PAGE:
For Coaches: Developing a Growth Mindset in Athletes
Are you getting the most from your athletes? How can you tell if an athlete is in a fixed mindset or growth mindset and striving to obtain the most they can? The following article can be found at
For Coaches: Developing a Growth Mindset in AthletesFor Coaches: Developing a Growth Mindset in Athletes
[T]he most important part of our job is to keep athletes motivated through the most challenging times in their athletic journey.
Every coach will experience working with an athlete who stagnates in progress. The toughest part of our job is not teaching skills or coaching intensity or writing programming: the toughest and the most important part of our job is to keep athletes motivated through the most challenging times in their athletic journey — when they have plateaued or regressed.
Plateaus happen for many reasons, but the resulting mental state for athletes falls into two camps: those who work harder (growth mindset) and those who give up (fixed mindset).
Luckily, there are many ways that we can develop a growth mindset in our athletes, both at the very beginning of their athletic career and in the middle. It’s true that it is more difficult to break a bad habit than create a good one, so if our athlete typically makes excuses, gets frustrated, or gives up, we have our work cut out for us. But we can start using these techniques today to start creating a growth mindset.
Use Praise Effectively
This is the best advice that I can give to any coach. Praise will make or break our coaching. When we praise athletes, they listen carefully, and unknowingly, they are acting on cues we give them.
What is effective praise?
Praise that reflects values like effort, focus, and determination; that is very specific; and that is concise will help us to foster a growth mindset.
What is ineffective praise?
What is ineffective praise?
Praise that is vague (like “good job”) and that reflects values like intelligence and talent will create a fixed mindset in our athletes. If our praise takes us longer than one sentence to get across, our athletes won’t remember what we said.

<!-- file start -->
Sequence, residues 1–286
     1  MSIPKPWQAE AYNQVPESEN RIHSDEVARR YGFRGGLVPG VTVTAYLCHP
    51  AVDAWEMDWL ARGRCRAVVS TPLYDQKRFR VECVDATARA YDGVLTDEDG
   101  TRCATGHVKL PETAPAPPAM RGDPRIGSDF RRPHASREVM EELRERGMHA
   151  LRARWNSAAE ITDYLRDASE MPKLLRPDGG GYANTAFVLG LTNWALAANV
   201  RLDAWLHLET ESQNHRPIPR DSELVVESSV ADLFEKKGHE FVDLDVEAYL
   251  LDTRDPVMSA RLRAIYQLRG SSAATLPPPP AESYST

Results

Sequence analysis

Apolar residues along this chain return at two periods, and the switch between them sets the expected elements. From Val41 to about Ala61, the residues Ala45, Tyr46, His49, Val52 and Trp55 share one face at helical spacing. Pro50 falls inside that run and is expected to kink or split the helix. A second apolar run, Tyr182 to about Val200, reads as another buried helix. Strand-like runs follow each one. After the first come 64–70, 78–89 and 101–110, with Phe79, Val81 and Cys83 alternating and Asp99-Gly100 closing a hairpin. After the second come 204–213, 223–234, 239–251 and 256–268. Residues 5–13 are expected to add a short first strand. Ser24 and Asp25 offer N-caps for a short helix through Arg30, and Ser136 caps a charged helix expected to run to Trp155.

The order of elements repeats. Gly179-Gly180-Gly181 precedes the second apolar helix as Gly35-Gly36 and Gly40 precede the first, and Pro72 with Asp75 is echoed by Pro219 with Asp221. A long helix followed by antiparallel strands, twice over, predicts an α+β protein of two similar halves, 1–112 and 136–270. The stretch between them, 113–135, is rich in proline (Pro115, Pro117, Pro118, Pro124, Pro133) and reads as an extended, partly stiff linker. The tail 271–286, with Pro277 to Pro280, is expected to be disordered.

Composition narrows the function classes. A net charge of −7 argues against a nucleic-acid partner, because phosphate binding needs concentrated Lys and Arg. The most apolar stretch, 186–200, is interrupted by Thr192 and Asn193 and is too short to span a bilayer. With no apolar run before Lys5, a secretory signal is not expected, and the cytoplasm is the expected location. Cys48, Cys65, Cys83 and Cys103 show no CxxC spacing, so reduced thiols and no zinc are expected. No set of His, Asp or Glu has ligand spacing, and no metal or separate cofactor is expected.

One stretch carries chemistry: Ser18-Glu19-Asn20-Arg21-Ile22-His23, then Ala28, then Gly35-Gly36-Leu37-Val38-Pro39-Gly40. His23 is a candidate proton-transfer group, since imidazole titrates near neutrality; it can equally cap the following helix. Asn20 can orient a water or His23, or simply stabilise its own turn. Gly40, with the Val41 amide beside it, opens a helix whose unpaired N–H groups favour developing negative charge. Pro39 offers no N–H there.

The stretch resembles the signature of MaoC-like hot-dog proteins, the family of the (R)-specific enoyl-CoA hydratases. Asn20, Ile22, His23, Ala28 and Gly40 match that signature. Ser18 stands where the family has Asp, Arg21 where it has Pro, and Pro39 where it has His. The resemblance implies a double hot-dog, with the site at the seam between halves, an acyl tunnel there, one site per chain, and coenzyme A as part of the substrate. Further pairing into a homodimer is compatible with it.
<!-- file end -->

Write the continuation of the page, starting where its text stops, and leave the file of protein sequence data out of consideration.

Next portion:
[H]ow much would we give to have all of our athletes knowingly choose harder tests of fitness and purposefully come to WODs that they know they suck at?
To demonstrate just how powerful praise is, I’ll outline a study run by social psychology researcher Dr. Carol Dweck with 400 New York 5th graders. In an attempt to see how much one signal — one sentence of praise — can affect performance, she discovered the power of masterful praise.
In the first phase of the study, the students were given a test of fairly easy puzzles. After the test, a researcher informed all of the children of their scores, adding one 6-word sentence of praise: either “You must be smart at this” (praising intelligence) or “You must have worked really hard” (praising effort).
The kids were tested a second time, but this time they were offered the choice between a harder test or an easier one. Ninety percent of the kids who were praised for their effort knowingly chose the harder test, while a majority of the kids who were praised for their intelligence chose the easy test. Dr. Dweck wrote, “When we praise children for their intelligence, we tell them that’s the name of the game: look smart, don’t risk making mistakes.”
An honest question to all coaches: how much would we give to have all of our athletes knowingly choose harder tests of fitness and purposefully come to WODs that they know they suck at? This is one of the best indicators of which athletes are fixed mindset and which are growth mindset.
The third level of tests for the students was much more difficult, and none of the children did well. However, the praised-for-effort group tried out different strategies for solving the problems and liked the test. But the praised-for-intelligence group hated the harder test — they viewed it as proof that they weren’t smart.
Finally, the kids were given a test of the same difficulty as the initial test. The praised-for-effort group improved their initial score by 30%. The praised-for-intelligence group’s score declined by 20%. All because of one 6-word sentence. The study results were so surprising that Dr. Dweck re-ran the experiments 5 times, but the results remained the same.
How can we extrapolate the praise given to these test-takers and apply it to our athletes? If we say, “That athlete is strong,” we communicate that the current strength-level of the athlete is perfect the way it is. If instead we say, “That athlete has worked hard on gaining strength,” we communicate that the behavior of the athlete is what we value. Subsequently, the hard-working athlete learns to continue working hard.
In other words, use praise to reward actions, not traits.